Posts Tagged ‘scm’

TortoiseGit – round 2, fight!

April 22, 2010 2 comments

For some odd reason, I’ve gotten my head wrapped around TortoiseGit and hence this follow-up post.

Cloning a public repository successfully is neat… but not exactly useful.

So, for this post I’m going to try a couple of tricky things in rapid succession:

  1. creating conflicting changes in a clone that I have to resolve when I push
  2. create two radically different changesets consistent with two sparring developers

And if I get really creative, maybe I’ll try to clone an SVN repository just for the heck of it.

First things first.

Cloning my local repo was trivial, and not worth detailing. I created two conflicting changes, one in the master and one in the cloned repo. Committed in the clone with no issues, then hit the “push” dialog.

I was expecting some kind of error, or perhaps a merge dialog to pop up – but instead I got the following very confusing error message.

git.exe push “origin” master:master

To prevent you from losing history, non-fast-forward updates were rejected
Merge the remote changes before pushing again. See the ‘Note about
fast-forwards’ section of ‘git push –help’ for details.
To C:\Users\foo\Downloads\hg-git
! [rejected] master -> master (non-fast-forward)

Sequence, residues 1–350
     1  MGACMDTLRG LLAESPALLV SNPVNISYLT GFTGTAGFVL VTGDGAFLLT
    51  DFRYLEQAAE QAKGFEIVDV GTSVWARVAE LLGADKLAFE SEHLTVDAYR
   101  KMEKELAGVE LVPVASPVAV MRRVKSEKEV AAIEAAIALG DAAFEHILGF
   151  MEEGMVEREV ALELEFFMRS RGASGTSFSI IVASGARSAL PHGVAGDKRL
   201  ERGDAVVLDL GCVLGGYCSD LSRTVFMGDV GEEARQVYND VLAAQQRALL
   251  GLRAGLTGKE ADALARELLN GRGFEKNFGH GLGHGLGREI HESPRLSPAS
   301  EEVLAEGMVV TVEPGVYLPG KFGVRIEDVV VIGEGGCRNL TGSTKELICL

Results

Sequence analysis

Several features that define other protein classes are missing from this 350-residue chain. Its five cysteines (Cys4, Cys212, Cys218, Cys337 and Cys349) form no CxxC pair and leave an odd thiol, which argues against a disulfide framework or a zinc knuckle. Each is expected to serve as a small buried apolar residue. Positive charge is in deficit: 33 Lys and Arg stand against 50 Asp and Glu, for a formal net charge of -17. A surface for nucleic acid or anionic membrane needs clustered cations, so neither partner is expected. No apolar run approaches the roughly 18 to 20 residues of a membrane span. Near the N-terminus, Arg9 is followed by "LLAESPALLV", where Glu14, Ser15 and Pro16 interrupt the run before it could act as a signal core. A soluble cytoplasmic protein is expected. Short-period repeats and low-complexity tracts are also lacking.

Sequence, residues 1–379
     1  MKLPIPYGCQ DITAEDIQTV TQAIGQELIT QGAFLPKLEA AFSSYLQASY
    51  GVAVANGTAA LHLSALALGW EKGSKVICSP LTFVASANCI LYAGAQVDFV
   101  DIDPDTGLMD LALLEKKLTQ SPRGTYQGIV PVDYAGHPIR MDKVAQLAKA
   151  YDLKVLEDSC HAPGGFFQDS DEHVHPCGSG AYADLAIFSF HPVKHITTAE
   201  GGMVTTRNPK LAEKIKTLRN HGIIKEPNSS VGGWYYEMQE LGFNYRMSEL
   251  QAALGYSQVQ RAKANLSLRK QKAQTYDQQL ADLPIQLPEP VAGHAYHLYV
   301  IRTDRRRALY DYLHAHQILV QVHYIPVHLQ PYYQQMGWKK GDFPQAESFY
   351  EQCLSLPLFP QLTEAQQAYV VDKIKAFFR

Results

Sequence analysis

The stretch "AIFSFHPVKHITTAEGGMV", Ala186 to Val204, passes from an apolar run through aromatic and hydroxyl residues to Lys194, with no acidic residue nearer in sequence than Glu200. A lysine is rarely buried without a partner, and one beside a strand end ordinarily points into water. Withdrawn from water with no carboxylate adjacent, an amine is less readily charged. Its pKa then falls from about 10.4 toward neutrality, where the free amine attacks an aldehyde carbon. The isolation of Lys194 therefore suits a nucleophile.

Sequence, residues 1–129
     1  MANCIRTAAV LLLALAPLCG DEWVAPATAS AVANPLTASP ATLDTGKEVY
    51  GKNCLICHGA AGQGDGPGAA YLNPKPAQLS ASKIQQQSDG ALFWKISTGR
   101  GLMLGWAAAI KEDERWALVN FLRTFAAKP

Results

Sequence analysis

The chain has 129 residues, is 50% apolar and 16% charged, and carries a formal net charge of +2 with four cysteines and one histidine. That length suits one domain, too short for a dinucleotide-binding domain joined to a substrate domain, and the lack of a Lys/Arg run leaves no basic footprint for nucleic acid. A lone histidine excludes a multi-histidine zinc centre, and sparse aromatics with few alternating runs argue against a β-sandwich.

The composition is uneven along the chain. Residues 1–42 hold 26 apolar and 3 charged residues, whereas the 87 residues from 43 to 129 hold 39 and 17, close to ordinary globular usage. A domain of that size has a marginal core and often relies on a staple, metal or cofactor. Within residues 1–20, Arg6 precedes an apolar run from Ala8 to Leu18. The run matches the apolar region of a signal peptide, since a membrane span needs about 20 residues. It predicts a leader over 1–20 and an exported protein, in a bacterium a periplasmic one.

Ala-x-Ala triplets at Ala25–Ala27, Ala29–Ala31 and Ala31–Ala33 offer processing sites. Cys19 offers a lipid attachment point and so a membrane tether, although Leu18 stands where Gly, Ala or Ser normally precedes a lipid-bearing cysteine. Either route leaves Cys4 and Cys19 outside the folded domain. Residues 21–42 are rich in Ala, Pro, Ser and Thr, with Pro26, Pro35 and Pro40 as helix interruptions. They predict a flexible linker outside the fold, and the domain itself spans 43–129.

error: failed to push some refs to ‘C:\Users\foo\Downloads\hg-git’

As a complete and total git newbie, I found this error message very confusing. What is a fast-forward update? I actually missed the “merge the remote changes” message the first time through. This dialog is not very useful – why not list the log message of the remote changes that need to be pulled? This would be much more user friendly. At the very least, it should pop up with a button to pull & merge.

Hmmm… what to do next.

The dialog says I need to merge, but I seem to remember reading something about pulling before a merge.

How about TortoiseGit->Pull?

The result is shown below in the following image.

Wow, that is not only confusing, but downright useless.

Unless I completely missed something, there’s no easy “edit conflicts” button that pops up the 3-way merge tool. I actually had to search around for a bit to figure it out. You can either right click on a file and then select TortoiseGit->Edit conflicts, or you can use the “Check for modifications” link to show a list of all changed (and conflicting) files.

OK, so I edited the conflicts, then committed them to my local clone. Now what happens if I push?

git.exe push “origin” master:master

remote: error: refusing to update checked out branch: refs/heads/master
remote: error: By default, updating the current branch in a non-bare repository
remote: error: is denied, because it will make the index and work tree inconsistent
remote: error: with what you pushed, and will require ‘git reset –hard’ to match
remote: error: the work tree to HEAD.
remote: error:
remote: error: You can set ‘receive.denyCurrentBranch’ configuration variable to
remote: error: ‘ignore’ or ‘warn’ in the remote repository to allow pushing into
remote: error: its current branch; however, this is not recommended unless you
remote: error: arranged to update its work tree to match what you pushed in some
remote: error: other way.
remote: error:
remote: error: To squelch this message and still keep the default behaviour, set